Rebels Arrive

TAMPA – On the eve of Ole Miss' first round meeting against Kentucky, Andy Kennedy and his Rebels arrived in Tampa to begin preparations for a dangerous Wildcat squad. Read about it inside.

As the West's No. 5 seed in Tampa, Ole Miss has a tough row to hoe to achieve its first SEC Tournament Championship since 1981.

In the Rebel half of the bracket are No. 1 overall seed LSU, East No. 2 South Carolina, as well as in-state rival Mississippi State. In the regular season, the Rebels defeated only one of those foes – a 67-63 victory over the Bulldogs in Starkville.

But Andy Kennedy refuses to peer into the near future. Considering his team draws Kentucky (winners of an NCAA-most 1,985 games) in the first round, you really can't blame him.

"They're a very dangerous team," Kennedy said. "If I had to handicap it, I would have to say Kentucky is very capable of putting it together over a four-day period. They have strong interior players, some strong leadership and they've got a guy who's capable of going for 30 on any night. That's a good formula."

In the history of Rebel basketball, no team has been able to claim two victories over the Wildcats in one season. That's 100 years of Ole Miss hoops for those keeping score at home.

With that in mind, Kennedy sees Thursday's meeting as a special opportunity.

"For me, I have so much respect for the passion, lineage and history of Kentucky," said Kennedy. "When you see Kentucky, it's a special opportunity. We celebrated 100 years of Rebel basketball earlier this season, and not once in our history has a team beaten Kentucky twice in a year. It's never happened. That's shocking."

Equally shocking is Ole Miss has failed to beat Kentucky in 13 attempts in the conference tournament.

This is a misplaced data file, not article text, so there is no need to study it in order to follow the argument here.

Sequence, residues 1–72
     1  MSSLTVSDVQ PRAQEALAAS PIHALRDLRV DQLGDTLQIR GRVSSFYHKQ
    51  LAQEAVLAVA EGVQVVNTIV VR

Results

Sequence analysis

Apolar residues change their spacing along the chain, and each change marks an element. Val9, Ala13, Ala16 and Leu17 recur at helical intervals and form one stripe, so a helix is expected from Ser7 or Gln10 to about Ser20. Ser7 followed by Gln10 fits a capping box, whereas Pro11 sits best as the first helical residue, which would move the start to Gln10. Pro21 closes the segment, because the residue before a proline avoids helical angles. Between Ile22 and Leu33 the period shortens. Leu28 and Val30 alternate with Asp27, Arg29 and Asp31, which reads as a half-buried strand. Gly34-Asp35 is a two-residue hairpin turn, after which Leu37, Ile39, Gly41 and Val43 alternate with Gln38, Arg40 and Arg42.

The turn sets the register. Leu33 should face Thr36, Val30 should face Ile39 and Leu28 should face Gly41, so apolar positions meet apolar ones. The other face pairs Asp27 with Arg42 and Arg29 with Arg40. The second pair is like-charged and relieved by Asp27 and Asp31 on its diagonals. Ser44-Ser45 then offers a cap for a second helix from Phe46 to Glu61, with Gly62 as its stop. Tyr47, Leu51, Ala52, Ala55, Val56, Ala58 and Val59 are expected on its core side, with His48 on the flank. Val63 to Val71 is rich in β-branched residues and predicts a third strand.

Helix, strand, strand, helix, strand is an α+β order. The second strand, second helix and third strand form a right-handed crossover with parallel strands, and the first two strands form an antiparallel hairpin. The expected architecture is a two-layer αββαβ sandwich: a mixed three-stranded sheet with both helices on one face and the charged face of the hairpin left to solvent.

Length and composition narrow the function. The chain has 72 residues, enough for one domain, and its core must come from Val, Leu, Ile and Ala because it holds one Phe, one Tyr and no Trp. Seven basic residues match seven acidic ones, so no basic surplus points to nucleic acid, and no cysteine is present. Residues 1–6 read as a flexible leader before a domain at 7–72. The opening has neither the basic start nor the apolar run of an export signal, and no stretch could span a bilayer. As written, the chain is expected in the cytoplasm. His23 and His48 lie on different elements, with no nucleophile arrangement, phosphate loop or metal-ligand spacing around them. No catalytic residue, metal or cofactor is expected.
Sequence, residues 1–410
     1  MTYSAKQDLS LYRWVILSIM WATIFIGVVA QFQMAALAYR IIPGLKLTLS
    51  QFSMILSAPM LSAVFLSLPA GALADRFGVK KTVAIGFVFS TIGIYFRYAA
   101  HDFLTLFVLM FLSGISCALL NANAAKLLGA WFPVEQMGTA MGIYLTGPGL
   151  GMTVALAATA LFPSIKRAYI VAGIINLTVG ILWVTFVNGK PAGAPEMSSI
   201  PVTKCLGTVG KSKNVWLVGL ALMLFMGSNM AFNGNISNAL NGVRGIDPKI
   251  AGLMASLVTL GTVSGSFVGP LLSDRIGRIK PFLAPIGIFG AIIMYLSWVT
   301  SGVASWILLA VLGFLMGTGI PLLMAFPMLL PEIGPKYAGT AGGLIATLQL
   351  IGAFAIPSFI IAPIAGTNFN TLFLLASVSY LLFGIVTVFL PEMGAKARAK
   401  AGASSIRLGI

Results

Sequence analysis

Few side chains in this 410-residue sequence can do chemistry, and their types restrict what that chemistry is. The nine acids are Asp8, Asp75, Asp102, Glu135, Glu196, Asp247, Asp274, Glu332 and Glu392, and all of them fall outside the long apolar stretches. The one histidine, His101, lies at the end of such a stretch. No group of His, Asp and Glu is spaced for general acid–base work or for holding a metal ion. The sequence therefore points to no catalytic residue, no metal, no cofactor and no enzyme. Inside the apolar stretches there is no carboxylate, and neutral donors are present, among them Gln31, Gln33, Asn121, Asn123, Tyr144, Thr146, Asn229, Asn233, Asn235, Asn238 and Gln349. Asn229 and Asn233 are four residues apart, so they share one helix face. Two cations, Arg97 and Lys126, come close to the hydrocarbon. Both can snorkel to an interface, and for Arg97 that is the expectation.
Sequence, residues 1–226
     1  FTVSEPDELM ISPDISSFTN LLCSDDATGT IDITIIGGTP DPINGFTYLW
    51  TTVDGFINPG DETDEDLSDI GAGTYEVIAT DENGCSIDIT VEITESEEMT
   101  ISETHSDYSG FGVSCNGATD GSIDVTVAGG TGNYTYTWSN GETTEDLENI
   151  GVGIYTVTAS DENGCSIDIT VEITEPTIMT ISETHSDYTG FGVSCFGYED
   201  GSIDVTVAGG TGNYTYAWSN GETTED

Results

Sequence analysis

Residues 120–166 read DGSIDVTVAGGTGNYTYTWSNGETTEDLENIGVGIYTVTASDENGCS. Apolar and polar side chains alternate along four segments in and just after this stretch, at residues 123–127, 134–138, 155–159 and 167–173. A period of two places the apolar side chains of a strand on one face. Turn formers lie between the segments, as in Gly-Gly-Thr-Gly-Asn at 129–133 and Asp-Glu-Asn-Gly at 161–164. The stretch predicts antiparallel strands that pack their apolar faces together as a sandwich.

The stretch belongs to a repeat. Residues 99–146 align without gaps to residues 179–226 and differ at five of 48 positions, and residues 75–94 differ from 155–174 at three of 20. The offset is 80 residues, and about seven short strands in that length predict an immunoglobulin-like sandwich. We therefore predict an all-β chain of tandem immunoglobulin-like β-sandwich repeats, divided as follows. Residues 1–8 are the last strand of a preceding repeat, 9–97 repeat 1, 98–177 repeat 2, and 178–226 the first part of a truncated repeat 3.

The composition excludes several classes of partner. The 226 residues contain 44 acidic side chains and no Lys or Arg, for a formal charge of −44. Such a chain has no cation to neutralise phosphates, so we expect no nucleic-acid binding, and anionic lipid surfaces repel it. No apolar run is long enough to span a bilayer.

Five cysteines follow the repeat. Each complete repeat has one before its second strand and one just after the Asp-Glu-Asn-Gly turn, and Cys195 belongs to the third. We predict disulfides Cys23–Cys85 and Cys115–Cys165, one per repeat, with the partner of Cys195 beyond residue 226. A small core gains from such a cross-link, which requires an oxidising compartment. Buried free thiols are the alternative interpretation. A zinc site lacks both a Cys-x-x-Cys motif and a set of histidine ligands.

Overall, the Wildcats hold a 95-12 series advantage over Ole Miss, but the Rebels did snap a nine-game losing streak to UK with an 85-80 win during the early conference season.

Despite it all, however, Kennedy said there's no fear factor in this group of Rebels.

"I don't know if our kids understand (Kentucky's history)," Kennedy said. "They still respect Kentucky. I'm not sure kids these days fear anybody. We're in a different world. It's here today, gone tomorrow. I'm not sure that fear will ever come back. But people have a very strong respect for Kentucky. I don't see that wavering at any time."

Kentucky enters the tournament tied with Vanderbilt for fourth place in the SEC East with an 8-8 league record. The Wildcats earned the No. 4 seed in the division by virtue of a better divisional record than the Commodores.

While they may be limping into Tampa as losers of four-straight, sophomore Zach Graham still believes Big Blue presents a sizeable challenge.

"Kentucky's a well-respected team," he said. "We've been practicing and preparing all week for them, so hopefully we can get a win."

Although All-SEC First Teamers Jodie Meeks and Patrick Patterson receive the bulk of outside attention, SEC Freshman of the Year Terrico White said the Wildcats offer a lineup with many dangerous weapons.

"They've got some other players that can really step up," he said. "(Michael) Porter can step up and make shots. Their whole team can step up at any time."

The SEC Tournament is being hosted in the state of Florida for just the second time ever. It was last hosted here in 1990 in Orlando. That year Ole Miss made a finals appearance, dropping the championship game to Alabama after wins over Tennessee and Vanderbilt.


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